In fact, the tension within the wide scope of projects here seems to be between abstraction (the geometric gridded minimalist variety) and ‘photographic’ realism. If you stretched out a scale to pop the works into—hyper-realism at one end at #1 and module-structured minimalist abstraction at #10, and a balanced mixture in the middle—it (as an interpretative overview) would go something like this:

#1 (Harnett works). #2 (White works), #3 (McMillan: Scene 42), #4 (Muller works), # 5 (Cleland: Room), #6 (Malloy work), #7 (McMillan: Scene 43), #8 (Cleland: Gold), #9 (Seyhan work), #10 (Metlikovec works).

As I’m arguing a case here, let’s put in situ exhibit positioning to one side and work from left to right with the order of the gallery images, moving from 1 to 10, from ‘super realistic’ verisimilitude to circular radial abstraction.

Artists like White, McMillan, and Harnett have as stimulating starting off points, photographic images that could be coloured or black and white, analogue or digital. Their production, as objects not to be replicated but as subject-matters to be transmuted into something else, is not as a foil for the end result. They are only a means to an end, that end often being very different—perhaps in its cropping, brusherly gestures (in the case of White), changes in colour or focus, or scale.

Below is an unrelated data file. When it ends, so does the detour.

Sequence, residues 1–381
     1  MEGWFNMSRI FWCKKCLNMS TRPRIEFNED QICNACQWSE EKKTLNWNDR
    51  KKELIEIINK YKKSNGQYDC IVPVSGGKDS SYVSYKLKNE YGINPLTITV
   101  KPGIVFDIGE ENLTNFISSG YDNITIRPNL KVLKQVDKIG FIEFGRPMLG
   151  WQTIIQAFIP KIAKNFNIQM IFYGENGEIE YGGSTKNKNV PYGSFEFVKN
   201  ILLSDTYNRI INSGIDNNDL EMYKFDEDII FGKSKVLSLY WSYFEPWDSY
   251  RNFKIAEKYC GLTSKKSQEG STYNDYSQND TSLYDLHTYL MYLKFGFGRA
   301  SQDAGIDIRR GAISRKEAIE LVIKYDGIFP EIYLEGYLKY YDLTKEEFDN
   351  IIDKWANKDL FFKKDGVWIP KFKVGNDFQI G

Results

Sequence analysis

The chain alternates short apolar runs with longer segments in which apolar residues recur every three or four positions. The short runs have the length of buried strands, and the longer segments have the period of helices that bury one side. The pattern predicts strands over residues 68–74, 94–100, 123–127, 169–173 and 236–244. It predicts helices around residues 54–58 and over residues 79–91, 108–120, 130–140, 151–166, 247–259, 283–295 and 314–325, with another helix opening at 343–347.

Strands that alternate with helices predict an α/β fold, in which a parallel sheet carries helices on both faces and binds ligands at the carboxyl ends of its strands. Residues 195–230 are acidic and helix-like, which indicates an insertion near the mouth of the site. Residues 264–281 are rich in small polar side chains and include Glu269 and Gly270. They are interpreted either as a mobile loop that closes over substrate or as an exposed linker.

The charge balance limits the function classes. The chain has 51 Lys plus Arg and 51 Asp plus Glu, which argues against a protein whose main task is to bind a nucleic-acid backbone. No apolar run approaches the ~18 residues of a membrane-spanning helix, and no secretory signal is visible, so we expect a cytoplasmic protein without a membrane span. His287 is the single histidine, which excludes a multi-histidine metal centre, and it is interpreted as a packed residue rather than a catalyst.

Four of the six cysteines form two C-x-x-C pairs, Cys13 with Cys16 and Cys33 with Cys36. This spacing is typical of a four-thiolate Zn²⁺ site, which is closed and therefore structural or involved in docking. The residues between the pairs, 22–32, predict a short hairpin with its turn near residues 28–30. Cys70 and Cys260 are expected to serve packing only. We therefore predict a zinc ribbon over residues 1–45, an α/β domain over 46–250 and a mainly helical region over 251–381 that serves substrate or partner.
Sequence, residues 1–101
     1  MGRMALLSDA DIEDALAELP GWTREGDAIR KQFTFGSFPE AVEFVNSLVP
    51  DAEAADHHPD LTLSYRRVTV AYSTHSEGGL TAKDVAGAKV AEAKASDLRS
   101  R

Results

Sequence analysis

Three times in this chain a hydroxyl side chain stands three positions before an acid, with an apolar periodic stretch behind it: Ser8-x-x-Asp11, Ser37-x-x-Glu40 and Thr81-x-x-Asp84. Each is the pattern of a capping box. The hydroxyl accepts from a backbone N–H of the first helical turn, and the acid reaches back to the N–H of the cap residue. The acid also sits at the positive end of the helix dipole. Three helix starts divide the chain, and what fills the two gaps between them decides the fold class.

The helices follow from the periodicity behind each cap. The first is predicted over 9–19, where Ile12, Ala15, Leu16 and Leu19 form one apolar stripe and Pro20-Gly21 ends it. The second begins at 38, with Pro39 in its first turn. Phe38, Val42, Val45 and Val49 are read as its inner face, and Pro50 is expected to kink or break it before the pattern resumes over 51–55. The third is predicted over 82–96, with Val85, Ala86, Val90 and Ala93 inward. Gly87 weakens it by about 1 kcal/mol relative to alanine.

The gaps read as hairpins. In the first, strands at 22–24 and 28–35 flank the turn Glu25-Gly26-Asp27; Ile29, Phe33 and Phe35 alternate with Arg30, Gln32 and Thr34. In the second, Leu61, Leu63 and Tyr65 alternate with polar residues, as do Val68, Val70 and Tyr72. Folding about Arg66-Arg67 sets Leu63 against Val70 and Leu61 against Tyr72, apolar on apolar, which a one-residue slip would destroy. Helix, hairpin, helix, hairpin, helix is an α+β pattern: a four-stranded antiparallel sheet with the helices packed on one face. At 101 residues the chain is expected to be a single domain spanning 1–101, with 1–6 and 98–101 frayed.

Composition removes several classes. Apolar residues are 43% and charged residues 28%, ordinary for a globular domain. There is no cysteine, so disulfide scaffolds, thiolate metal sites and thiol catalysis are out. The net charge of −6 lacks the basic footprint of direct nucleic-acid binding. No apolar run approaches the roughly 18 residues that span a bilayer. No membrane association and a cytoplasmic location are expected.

With the painting by Kevin Malloy of a turntable with a record stacking spindle, the depiction of an obsolete technology is the point, that image filtered wittily through a field of hovering discs that is bifurcated horizontally.

Sofie Muller‘s alabaster hands emerging from rock (in the style of Rodin) have as plinths, sandbags and charred circular worktables that function as sculpture in their own right, supporting nests for the carving, blackened towers that with their diminishing repetitions hint of the grids to come with the paintings.

When we look at that other end, the ceramic works of Ceara Metlikovec could—at a stretch—be the dried calyxes of poppy flowerheads, the ‘abstraction’ of Kemal Seyhan shimmering light traversing closed velvet curtains (suggesting mysticism), and Ruth Cleland‘s chiselled-out horizontal sunroom floorboards (looking down from a high altitude).

Or, am I absolutely mistaken? Is their ‘realistic deciphering’ obvious and my putative abstraction itself ‘a stretch’? Is the sense of sequential transition that I have elucidated an illusion, and almost all these works (Malloy being the exception) analogue realism exemplified?

If you are attracted to contradictions, this is a nice show to think about.

John Hurrell

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This Discussion has 1 comment.

Comment

Ralph Paine, 9 a.m. 16 April, 2020

And a nice ARTICLE to think about: thanks!

For a philosophical analysis of both the photographic and the digital see Alexander R. Galloway, Laruelle: Against the Digital, Minneapolis & London: University of Minnesota Press, 2014.

Mr Galloway blogs at:

http://cultureandcommunication.org/galloway/

If one back tracks through the entries there are many dealing with the digital vs the analog via an ontological approach...

"The one dividing into two, the two coming together as one."